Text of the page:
Sanjhi, a paper stencil used to create ceremonial Rangolis (floor decorations) originated in Mathura and is referred to as Temple Art. It is believed that it initially started as a practice followed by unmarried girls who made the decorative patterns on cow dung plastered on the walls of their houses. When Sanjhi came to be associated with temple traditions, the primary theme followed by artists practising this art form was dedicated to Lord Krishna. The temple craft is primarily practised by male priests and their male apprentices. A variety of materials can be used to fill in the stencils including coloured stones, coloured powder, flowers and much more. The art has also evolved with times, with contemporary Sanjhi including floating rangoli and secular designs such as the silhouette of a palace being adopted. What makes this craft unique is that the artisans make these pieces without any drawing or tracing. It is done freehand and often times includes very intricate designs. Sanjhi artisans undergo rigorous training, sometimes for decades before becoming expert craftsmen of this art. The craft is a truly dying craft with only one interconnected family practising the craft today.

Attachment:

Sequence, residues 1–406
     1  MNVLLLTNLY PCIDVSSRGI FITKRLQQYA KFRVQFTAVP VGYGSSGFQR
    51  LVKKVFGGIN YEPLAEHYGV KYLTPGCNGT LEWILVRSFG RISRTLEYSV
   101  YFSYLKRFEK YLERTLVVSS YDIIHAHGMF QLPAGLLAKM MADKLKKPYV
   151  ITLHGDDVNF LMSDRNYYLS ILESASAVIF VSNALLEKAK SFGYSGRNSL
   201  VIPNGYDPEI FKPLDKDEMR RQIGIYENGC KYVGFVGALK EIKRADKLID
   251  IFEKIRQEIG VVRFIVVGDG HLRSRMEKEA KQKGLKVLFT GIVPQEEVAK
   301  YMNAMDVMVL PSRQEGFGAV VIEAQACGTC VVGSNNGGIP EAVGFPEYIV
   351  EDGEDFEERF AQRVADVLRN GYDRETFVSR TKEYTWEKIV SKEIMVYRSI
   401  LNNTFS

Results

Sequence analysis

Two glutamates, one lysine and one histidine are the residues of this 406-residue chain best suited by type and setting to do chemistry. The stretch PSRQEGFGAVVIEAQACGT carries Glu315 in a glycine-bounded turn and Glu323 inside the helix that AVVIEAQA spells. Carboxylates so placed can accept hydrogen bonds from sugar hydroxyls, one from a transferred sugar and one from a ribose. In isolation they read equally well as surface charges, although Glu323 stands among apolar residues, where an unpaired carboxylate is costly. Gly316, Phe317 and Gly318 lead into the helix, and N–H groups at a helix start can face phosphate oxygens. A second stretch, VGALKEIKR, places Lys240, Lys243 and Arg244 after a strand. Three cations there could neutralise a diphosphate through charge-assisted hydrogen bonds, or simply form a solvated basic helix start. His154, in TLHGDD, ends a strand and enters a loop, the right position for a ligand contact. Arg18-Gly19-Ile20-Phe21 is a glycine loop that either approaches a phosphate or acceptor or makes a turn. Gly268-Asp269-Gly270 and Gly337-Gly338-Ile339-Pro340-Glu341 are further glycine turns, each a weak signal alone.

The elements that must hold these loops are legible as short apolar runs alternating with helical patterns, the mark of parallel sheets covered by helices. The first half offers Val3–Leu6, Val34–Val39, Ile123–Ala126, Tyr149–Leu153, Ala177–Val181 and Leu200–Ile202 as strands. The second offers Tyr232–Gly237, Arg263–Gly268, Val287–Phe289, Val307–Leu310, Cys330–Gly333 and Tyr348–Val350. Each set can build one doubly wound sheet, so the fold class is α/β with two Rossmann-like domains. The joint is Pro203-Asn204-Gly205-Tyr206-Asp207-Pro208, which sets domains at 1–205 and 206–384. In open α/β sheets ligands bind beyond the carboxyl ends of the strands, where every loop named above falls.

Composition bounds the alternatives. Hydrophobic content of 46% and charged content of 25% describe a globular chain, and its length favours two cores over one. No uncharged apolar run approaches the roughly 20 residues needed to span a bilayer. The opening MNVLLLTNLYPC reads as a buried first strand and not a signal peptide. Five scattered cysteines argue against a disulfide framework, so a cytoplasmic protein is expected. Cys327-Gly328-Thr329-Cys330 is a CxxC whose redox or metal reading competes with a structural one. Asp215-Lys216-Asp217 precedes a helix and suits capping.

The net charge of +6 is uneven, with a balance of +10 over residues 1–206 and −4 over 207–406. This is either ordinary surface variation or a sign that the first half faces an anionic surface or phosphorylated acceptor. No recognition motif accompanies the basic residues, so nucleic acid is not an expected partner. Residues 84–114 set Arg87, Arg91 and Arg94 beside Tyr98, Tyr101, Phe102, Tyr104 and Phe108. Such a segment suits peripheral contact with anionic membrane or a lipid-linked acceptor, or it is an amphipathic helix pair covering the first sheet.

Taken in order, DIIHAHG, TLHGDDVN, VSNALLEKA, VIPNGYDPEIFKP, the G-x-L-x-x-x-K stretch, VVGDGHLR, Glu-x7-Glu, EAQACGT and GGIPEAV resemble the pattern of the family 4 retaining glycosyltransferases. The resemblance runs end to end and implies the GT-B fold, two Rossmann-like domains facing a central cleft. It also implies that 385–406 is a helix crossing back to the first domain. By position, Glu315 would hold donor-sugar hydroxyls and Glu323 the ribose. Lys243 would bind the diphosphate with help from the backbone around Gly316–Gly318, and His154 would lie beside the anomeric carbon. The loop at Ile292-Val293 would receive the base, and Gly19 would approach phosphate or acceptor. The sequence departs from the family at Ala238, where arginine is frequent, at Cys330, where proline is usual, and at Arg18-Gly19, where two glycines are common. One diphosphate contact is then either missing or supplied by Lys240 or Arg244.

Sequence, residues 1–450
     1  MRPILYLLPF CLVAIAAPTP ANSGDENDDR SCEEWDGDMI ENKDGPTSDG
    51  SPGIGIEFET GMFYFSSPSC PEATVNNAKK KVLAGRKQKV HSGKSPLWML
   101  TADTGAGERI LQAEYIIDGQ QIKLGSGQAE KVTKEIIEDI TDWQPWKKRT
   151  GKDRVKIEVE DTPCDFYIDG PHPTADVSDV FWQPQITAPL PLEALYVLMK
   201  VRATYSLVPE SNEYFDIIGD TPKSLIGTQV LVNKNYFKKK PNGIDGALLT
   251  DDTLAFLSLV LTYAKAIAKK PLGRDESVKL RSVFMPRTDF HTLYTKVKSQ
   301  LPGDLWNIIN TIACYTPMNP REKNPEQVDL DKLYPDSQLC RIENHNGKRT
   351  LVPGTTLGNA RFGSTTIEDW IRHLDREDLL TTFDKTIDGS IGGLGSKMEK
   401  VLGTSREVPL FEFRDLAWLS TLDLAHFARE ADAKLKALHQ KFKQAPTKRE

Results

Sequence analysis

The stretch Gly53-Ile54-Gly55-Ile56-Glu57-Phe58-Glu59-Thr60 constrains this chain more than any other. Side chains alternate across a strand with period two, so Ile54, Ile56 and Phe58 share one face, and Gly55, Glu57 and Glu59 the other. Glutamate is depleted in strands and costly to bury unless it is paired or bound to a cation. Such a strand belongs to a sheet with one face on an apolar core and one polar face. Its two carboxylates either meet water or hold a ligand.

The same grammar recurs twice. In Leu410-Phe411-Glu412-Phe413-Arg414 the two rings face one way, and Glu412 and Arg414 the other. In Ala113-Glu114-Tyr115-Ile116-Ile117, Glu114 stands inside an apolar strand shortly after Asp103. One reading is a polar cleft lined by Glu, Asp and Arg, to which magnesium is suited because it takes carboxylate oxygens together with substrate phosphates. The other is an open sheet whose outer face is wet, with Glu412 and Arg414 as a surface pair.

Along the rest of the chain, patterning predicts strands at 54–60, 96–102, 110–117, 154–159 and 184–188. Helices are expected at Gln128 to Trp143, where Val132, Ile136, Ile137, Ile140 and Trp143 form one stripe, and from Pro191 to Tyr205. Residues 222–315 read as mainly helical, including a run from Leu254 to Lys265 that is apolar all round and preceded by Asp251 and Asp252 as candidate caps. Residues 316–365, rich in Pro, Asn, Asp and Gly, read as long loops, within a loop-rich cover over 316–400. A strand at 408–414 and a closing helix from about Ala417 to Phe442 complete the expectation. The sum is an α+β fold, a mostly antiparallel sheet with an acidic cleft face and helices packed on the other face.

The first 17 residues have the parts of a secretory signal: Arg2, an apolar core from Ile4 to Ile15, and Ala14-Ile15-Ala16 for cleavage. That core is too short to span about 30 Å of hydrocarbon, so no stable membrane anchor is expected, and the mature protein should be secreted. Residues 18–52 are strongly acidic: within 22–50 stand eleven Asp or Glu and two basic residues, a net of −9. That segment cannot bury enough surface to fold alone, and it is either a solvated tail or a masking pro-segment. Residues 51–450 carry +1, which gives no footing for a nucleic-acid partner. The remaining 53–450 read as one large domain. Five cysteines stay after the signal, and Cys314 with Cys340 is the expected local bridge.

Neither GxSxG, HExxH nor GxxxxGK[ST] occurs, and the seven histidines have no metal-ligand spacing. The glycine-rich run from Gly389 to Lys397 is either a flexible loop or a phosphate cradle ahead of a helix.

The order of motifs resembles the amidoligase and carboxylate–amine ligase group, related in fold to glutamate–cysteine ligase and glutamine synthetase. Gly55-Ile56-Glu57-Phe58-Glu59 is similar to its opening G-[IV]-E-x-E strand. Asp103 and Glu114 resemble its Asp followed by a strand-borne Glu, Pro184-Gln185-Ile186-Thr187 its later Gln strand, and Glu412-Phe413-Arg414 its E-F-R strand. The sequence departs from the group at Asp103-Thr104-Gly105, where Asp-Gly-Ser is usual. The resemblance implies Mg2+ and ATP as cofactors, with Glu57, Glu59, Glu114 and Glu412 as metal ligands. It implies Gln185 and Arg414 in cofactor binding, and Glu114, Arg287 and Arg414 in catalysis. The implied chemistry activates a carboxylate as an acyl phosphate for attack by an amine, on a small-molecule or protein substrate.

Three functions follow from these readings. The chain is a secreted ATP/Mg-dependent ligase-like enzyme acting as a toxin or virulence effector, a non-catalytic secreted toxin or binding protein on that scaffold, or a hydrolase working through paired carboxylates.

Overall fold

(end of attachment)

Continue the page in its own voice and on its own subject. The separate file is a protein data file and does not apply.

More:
To keep up with the times, latticework patterns of Mughal origin and contemporary themes have been introduced to widen the repertoire, in addition to the age old Krishna motifs. And you can see the craft having already made its way into homes as picture windows with the cuttings having been sandwiched between glass, on entrance doors to the pooja room. And if you are in Delhi, you would have seen it at the Delhi Metro too.